• A CBC News story on the BC NDP easing its stand on BC’s carbon tax included a report from the Pacific Institute for Climate Solutions (PICS) that the carbon tax is gaining support within the province and across Canada. PICS is a venture of SFU, UBC, UVic and UNBC.
    "There are fears Canada may be competitively disadvantaged in the face of fast-developing climate change initiatives in the U.S.," SFU prof Nancy Olewiler said in a PICS news release. "We simply cannot sit back and wait for the U.S. to develop its policy without having our own concerted federal action on climate change.”
    The PICS report was issued at a PICS forum in Vancouver, co-chaired by Olewiler and held at SFU’s Morris J Wosk Centre for Dialogue.
  • Neil Boyd was in the Richmond Review, in a story about a threatened kidnapping of a child from a Richmond elementary school. Boyd said he’d never heard of a precedent for the public warning issued to parents by RCMP but, given the prevalence of kidnappings in other jurisdictions, it shouldn't be considered odd or unusual.
  • Rosalie Tung, international business prof, wrote a guest column in The Vancouver Sun: “By virtue of its geographic location and high concentration of immigrants from Asia, B.C. is well-positioned to take the lead in showing Canada that fostering a more diversified trading base is the way to sustained growth.” The article was a summary of a paper she presented at this week's B.C. Business Council Summit in Vancouver.
  • The Afternoon Edition show on CFAX Radio in Victoria interviewed Benedikt Fischer of SFU Health Sciences about the recent heroin study he co-authored with criminologist Neil Boyd. The two are among four researchers who found that heroin prescription trials in Vancouver and Montreal did not attract crime or disorder to their surrounding communities. The website also did a story.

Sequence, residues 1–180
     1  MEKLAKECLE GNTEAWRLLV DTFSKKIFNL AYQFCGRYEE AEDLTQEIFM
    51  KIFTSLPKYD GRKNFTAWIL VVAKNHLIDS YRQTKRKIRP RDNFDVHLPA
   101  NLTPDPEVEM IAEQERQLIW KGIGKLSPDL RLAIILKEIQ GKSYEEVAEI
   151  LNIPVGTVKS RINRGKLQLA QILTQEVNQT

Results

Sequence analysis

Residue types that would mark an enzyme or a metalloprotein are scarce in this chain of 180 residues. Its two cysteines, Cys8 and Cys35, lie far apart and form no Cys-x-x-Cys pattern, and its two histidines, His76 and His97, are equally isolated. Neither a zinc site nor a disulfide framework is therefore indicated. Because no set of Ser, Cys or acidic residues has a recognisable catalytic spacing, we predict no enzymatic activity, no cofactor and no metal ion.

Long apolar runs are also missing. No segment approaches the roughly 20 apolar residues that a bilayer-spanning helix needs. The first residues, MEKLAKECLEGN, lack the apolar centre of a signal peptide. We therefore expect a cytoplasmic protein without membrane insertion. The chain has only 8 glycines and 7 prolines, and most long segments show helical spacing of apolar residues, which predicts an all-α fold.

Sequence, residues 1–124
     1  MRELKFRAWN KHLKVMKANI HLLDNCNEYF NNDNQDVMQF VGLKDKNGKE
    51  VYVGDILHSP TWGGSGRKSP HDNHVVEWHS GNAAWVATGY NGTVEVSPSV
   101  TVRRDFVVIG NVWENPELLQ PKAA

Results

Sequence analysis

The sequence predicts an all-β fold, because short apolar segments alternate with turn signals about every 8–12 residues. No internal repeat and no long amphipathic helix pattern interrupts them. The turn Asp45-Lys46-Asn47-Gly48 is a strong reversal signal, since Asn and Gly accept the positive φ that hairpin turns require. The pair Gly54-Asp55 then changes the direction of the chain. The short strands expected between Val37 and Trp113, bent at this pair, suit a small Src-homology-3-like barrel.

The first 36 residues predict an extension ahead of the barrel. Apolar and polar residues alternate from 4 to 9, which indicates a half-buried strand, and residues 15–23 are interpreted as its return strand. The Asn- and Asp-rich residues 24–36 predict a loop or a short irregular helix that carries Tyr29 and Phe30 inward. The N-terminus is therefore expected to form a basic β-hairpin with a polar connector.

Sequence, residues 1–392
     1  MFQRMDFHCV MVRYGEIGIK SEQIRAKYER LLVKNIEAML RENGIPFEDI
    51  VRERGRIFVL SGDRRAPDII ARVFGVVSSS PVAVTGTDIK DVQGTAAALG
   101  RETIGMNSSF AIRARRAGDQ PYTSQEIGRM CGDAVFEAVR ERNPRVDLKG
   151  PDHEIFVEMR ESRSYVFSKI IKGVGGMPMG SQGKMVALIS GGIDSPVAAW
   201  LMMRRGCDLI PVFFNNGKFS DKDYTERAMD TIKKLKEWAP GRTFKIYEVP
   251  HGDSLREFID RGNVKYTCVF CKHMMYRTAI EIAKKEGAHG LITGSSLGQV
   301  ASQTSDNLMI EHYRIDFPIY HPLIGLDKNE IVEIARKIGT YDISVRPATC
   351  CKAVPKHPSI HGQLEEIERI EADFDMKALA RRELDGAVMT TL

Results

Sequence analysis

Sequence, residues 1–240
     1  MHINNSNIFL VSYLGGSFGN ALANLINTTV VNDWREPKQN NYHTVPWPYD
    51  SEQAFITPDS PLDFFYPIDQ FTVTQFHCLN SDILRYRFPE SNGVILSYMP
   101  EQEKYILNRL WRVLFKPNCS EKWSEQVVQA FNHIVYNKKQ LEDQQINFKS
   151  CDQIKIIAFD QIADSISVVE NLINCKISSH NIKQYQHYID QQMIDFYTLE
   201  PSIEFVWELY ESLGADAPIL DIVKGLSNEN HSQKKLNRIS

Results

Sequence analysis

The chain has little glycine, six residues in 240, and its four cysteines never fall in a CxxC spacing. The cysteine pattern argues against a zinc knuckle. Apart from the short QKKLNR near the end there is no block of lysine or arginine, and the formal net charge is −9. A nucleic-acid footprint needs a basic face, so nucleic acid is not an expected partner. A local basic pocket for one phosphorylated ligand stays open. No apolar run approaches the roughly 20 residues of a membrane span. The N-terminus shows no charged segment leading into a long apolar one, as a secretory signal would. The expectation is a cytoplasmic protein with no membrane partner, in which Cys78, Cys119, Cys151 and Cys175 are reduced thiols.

• Student Janie Dubman weighed in with her latest report in The Vancouver Sun on her summer at the orangutan care centre in Borneo: “We are sitting in the jungle when Britney Spears' unfortunate Hit Me Baby One More Time drowns out the cicadas.  . . . What is SHE doing here, in my darling tropical forest, with my darling orangutans?  . . . It's one of the (male) caretaker's ringtones. Every Indonesian I've met has a cellphone and puts it to ample use, texting, calling and speakerphoning music constantly. Even while driving mopeds. Even while tracking orangutans.”
    We saw the story in six other Canwest newspapers.
  • The Chilliwack Times reported a study by SFU and the B.C. Centre for Disease Control will try to determine how seniors feel the heat—and how they feel this might be affecting their health. Kate Bassil, assistant prof in SFU Health Sciences, said: “It's a study about risk perception, about hot weather as a health hazard. We're looking at populations over the age of 65."